Not that the TV Licensing
people believe me, but I still haven’t got round to purchasing a television for my new flat. Thus I have only seen a few Internet clips of this year’s Celebrity
(sic) Big Brother
, plus a few items about it on the news whilst pounding the treadmill at the gym. I think, however, that I have seen enough to enable me to form some views on what has gone on this season
Channel Four would love to think (or at least persuade us to think) that this is great television, and has opened up an important debate. I think it has done to an extent, and I’m also willing to accept that the broadcaster is not motivated SOLELY by a desire to maximise viewing figures by showing the most prurient drivel they can produce.
I think in these circumstances it’s useful to assess one’s own prejudices. I know I’m not a racist – I completely reject the notion that a person’s race dictates their character or level of intelligence. But boy am I prejudiced in other ways. What the Jade Goody – Shilpa Shetty row has revealed to me in stark terms is that I am a FEROCIOUS snob.
It’s true, unequivocally and undeniably so. I hold not only Jade Goody and her co-conspirators in contempt, but everybody like them. Their fantastic stupidity, their vulgarity, their hilariously misplaced self confidence, their strident and grotesquely ill-informed opinions, their moon-faced visages and cow-like buttocks, their inarticulate braying on public transport – I deride it all.
And this is a prejudice, because I can’t honestly claim that it’s only the unkind ones that I mentally mock. Certainly I think people who are wilfully ignorant and unpleasant, like Jade Goody, deserve our opprobrium. But to be honest, I find anyone who even looks and sounds like them deeply unattractive.
Of course I accept that it’s only kindness that really matters. Yet only in the most fundamental way do I accede to that proposition. I don't enjoy the company of people who don’t read and whose idea of a day well spent is to swill beer and smoke cigarettes and babble inconsequentially about the Lottery. And no WAY do I want my children to be educated in schools in which the offspring of these pig people are present. Part of me wishes that they weren’t allowed to vote.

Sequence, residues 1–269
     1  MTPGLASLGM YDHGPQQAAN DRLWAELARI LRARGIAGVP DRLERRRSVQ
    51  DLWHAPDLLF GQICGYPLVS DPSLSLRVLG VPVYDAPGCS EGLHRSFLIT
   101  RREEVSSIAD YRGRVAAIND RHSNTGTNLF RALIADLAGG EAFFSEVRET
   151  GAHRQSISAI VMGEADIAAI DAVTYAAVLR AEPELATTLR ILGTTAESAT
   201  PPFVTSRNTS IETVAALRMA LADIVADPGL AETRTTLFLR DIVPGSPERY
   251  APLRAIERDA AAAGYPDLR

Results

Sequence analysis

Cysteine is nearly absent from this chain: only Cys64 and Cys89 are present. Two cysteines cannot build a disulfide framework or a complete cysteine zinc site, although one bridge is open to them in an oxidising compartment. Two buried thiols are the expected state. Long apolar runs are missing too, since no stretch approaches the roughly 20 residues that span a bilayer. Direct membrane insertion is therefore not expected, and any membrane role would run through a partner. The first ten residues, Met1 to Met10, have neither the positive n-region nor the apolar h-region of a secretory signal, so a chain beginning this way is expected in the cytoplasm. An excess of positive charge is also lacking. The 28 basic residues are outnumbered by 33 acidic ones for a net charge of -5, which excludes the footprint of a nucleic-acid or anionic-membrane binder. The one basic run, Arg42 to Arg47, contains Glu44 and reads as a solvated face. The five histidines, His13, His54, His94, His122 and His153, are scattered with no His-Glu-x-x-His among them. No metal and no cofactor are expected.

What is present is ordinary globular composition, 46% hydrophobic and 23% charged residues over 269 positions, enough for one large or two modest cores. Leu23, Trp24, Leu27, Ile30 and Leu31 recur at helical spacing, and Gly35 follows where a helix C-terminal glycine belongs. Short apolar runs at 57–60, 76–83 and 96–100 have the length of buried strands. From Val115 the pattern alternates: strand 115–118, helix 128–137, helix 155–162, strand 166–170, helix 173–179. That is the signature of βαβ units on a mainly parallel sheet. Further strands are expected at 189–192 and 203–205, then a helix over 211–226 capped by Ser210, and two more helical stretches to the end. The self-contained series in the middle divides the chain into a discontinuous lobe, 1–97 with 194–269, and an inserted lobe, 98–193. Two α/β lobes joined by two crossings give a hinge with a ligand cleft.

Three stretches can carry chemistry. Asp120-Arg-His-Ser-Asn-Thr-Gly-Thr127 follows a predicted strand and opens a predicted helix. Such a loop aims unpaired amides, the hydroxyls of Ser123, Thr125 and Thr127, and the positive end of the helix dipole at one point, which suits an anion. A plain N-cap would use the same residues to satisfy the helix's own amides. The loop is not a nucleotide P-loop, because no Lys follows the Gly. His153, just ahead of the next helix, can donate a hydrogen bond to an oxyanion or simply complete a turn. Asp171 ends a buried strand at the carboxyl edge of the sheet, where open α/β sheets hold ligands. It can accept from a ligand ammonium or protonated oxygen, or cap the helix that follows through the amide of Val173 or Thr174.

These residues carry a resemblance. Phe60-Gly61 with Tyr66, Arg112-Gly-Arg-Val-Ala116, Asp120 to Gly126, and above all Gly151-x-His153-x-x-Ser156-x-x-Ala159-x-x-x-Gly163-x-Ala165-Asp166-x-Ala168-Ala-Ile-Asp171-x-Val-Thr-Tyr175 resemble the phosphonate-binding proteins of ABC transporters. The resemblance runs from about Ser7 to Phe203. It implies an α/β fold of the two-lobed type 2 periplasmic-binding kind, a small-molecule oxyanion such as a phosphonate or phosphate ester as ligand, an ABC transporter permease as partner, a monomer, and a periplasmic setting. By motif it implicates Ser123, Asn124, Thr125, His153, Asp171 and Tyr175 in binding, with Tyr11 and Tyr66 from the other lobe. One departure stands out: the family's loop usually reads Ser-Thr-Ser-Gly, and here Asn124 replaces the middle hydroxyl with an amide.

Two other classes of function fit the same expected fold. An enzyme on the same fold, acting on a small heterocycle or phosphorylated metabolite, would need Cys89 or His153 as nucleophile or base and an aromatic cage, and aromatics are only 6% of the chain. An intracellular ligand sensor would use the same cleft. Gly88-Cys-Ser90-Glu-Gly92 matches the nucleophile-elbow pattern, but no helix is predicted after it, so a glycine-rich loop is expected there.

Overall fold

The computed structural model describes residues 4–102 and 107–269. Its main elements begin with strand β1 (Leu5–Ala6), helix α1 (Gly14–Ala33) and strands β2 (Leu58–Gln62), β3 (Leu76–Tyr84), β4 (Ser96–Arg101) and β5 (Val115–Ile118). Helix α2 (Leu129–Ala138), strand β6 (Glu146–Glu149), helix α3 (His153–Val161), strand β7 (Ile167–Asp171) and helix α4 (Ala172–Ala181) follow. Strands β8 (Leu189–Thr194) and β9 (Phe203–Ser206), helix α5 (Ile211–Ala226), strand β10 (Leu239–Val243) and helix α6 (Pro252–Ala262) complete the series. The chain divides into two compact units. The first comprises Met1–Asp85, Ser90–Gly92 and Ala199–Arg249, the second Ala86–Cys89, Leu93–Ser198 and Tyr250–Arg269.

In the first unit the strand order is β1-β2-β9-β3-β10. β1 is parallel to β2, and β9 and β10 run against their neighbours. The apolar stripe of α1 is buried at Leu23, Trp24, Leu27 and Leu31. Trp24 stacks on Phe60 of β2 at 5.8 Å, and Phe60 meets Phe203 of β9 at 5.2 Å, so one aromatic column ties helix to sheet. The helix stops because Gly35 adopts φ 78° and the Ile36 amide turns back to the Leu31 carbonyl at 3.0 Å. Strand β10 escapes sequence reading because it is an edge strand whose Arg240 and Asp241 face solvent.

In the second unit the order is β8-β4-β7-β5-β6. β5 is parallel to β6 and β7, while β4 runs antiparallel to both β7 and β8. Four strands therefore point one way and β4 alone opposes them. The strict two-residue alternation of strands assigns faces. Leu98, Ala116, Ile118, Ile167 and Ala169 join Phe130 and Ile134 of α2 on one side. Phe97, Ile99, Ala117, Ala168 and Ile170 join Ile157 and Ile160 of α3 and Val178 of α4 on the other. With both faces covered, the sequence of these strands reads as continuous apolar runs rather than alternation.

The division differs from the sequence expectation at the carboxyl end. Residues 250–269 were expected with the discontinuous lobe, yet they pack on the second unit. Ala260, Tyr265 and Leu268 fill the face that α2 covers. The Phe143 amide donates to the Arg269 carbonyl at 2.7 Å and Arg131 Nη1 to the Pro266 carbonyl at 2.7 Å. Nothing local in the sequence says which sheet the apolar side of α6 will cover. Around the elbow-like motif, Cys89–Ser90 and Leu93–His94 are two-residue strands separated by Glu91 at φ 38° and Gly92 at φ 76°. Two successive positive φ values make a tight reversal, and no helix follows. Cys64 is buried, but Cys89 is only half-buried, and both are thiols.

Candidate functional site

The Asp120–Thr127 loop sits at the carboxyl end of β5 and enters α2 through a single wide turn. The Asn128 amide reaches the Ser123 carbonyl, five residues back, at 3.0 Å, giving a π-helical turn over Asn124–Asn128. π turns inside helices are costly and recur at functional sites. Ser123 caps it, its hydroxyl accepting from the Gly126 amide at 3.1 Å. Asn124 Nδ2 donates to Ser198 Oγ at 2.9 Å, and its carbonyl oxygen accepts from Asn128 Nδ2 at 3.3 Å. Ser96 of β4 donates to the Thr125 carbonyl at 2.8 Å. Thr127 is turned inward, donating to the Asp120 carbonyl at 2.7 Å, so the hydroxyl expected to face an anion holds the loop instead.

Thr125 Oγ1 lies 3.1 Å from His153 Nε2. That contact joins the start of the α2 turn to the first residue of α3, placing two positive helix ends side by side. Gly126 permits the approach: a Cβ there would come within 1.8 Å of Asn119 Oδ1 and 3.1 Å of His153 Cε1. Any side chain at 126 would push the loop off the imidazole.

Arguably, this prejudice is every bit as indefensible as racism. Arguably it actually IS, effectively, racism. But I’ve never suffered from middle class guilt, and I think you deserve my posts to be honest.
That said, I’ve made a point of not calling these ghastly people ‘working class’. Good manners are sometimes more obvious among that group (insofar as it exists) than in any other. And indeed many of the pig people don’t work.
But this is a prejudice nonetheless, one that is far from being easily excused. The fact remains, however, that it rarely causes me a moment’s guilt.
I could get all overwrought and bothered about feeling this way. But I won't. The modern fashion for thinking that prejudice is invariably appalling or completely avoidable is a stupid one.Footnote
: I wonder if any comic commentator (other than me) will say: ‘A frightful woman with dreadful views has dominated the news this week. Hillary Clinton is running for President’
: A useful reminder
from Richard that Big Brother betrays the failings of British education policy.
Personally I blame all governments since the Labour one that introduced comprehensives. But mostly I blame that government. Are you listening, Shirley Williams? Screw you, Tony Crosland.